Clinics aren’t always related to physical health.
If your child needs help with reading, or if you or your family members are working to cope with emotional stress, for example, please know that the Northern Illinois University College of Education is here for you.
Our Jerry L. Johns Literacy Clinic and our Community Counseling Training Center, both of which are staffed with talented and caring professionals and students, are open to the public.
For the people of our university community, the clinics provide close access to excellent services. For students in our college, meanwhile, they support educational and career goals through real-world, hands-on learning experiences.
As dean, I’m proud and honored to be part of this long and collaborative legacy – and I’m grateful for this chance to tell you more about the services we offer.
NIU’s Jerry L. Johns Literacy Clinic, located inside the NIU Health, Wellness and Literacy Center at 3100 Sycamore Road in DeKalb, enrolls around 450 K-12 students each year in programs designed to help them become better readers.
Those programs, all offered at little or no cost, include Assessment & Intensive Strategic Tutoring; America Reads; and Reading Individualized Tutoring Services. The clinic also supports 10 Little Free Libraries in our community, and assists District 428 with an after-school reading program at Littlejohn Elementary School.
You can find more information on our website (www.cedu.niu.edu/literacy-clinic), which also features myriad resources for parents, educators and libraries. Call 815-753-1416 or email email@example.com to contact the clinic directly.
Located in Graham Hall 416, the Community Counseling Training Center is a state-of-the-art facility equipped with the appropriate technology to ensure the safety and privacy of our clients while retaining a comfortable atmosphere.
Exceptional and culturally responsive counseling is free for the between 400 and 600 NIU students, faculty, staff and community members we serve. Our counselors are advanced-level master’s and doctoral students who are supervised by faculty with the appropriate licenses and doctoral degrees.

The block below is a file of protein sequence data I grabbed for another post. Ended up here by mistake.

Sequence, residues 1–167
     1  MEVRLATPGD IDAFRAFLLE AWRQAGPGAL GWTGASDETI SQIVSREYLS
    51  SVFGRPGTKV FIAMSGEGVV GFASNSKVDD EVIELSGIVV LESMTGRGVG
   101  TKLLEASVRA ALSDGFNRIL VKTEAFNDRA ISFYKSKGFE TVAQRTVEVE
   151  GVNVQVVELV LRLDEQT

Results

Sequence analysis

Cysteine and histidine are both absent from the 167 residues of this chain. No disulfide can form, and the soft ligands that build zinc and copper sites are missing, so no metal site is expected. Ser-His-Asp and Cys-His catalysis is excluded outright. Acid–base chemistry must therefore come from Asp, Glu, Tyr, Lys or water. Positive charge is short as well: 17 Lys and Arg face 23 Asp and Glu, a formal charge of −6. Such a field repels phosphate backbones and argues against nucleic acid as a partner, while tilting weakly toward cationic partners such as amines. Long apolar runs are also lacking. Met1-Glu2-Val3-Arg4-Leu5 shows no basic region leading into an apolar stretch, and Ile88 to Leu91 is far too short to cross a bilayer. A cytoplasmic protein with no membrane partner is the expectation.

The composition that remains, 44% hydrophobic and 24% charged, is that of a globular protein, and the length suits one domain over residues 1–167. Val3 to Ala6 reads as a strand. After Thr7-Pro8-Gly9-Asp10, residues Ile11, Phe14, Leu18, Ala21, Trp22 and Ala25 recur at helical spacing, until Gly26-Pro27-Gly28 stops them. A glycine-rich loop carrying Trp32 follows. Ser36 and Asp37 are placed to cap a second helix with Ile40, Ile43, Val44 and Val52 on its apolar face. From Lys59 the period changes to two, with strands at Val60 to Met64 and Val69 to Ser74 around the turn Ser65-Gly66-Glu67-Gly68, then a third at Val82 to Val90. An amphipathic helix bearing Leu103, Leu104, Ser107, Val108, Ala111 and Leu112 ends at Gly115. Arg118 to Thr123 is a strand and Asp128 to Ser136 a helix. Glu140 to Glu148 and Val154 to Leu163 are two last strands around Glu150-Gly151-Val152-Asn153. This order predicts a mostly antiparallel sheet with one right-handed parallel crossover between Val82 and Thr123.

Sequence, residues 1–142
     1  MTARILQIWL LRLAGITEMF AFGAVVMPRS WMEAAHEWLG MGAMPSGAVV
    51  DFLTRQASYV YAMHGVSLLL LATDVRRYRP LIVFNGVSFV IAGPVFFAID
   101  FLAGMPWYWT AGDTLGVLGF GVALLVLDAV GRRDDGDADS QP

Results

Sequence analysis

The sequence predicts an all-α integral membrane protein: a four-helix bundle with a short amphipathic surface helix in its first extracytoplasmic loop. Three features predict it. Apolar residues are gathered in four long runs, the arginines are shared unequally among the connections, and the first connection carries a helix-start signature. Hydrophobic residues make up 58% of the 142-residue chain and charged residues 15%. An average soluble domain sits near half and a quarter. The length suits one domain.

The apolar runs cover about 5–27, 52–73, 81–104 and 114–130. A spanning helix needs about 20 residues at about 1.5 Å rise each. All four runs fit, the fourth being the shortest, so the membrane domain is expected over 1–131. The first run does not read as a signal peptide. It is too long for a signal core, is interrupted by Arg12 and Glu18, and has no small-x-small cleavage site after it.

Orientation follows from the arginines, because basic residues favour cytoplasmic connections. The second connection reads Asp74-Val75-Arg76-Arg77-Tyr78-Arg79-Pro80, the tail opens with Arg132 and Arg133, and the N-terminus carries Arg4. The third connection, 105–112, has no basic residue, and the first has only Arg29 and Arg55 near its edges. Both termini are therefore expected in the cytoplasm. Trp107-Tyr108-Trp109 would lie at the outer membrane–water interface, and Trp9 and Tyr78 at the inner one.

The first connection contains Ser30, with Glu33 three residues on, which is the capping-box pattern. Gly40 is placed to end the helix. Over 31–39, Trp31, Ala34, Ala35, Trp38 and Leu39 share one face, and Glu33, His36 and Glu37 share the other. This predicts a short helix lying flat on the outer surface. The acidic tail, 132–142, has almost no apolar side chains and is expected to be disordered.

We assist our clients on everything from depression, anxiety and anger management to grief and loss, family conflicts and problems at school. Our clients and counselors also work together to explore issues of self-esteem, stress management, time management, adjustment to college and more.
Under this broad umbrella also is our Center for Grief and Loss, which delivers bereavement services and resources to children, adolescents, adults and schools in our community. Our counselors understand the grieving process and support journeys of healing.
More information about the CCTC is available online at www.cedu.niu.edu/cctc as are links to other providers of mental health services. Call 815-753-9312 or email firstname.lastname@example.org to contact the center directly.
Please feel free to reach out to either of our clinics with your questions, and/or requests for their services, as we partner to build a stronger university community.
(This is the second in a series of columns highlighting clinical services available to the public through Northern Illinois University.)
• Laurie Elish-Piper is the dean of the NIU College of Education. A member of the faculty since 1995, Elish-Piper is a Distinguished Engagement Professor and Distinguished Teaching Professor in the Department of Curriculum and Instruction. She served as director of the Jerry L. Johns Literacy Clinic for 15 years.